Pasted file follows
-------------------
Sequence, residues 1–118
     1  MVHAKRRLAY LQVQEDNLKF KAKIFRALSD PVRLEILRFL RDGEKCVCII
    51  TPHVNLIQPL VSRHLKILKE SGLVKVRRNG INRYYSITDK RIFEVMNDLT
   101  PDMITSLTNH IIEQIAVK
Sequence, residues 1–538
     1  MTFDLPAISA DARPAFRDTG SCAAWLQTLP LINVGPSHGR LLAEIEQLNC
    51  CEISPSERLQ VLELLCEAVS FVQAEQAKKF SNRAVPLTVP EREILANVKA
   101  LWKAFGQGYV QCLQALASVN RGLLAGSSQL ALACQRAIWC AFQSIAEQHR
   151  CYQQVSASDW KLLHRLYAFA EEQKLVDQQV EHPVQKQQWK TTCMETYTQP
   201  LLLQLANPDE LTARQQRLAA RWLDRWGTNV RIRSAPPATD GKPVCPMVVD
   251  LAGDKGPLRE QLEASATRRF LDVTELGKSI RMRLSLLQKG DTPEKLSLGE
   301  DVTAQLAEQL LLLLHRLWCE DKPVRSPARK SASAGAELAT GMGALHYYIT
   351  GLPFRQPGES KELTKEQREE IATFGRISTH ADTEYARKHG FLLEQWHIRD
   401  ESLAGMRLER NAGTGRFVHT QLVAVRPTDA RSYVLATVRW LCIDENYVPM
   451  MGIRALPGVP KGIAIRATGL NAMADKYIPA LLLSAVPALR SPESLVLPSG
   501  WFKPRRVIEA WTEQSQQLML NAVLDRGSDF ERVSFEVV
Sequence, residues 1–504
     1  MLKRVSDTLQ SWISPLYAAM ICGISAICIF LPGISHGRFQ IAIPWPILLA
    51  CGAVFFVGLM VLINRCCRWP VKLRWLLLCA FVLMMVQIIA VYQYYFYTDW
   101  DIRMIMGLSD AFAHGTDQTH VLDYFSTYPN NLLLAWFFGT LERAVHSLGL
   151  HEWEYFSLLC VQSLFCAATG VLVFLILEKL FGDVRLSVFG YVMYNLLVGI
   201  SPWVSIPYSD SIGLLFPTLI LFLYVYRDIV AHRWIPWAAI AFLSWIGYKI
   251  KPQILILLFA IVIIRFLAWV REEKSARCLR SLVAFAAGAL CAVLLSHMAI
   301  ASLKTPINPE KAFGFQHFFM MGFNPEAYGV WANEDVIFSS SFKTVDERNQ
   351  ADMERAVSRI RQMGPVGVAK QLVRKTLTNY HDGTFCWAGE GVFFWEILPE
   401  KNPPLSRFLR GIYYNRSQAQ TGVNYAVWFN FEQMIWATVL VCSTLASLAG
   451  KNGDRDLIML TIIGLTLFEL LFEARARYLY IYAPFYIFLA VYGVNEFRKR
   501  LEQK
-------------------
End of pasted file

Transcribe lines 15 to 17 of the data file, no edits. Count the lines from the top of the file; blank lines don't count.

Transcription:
   451  MGIRALPGVP KGIAIRATGL NAMADKYIPA LLLSAVPALR SPESLVLPSG
   501  WFKPRRVIEA WTEQSQQLML NAVLDRGSDF ERVSFEVV
Sequence, residues 1–504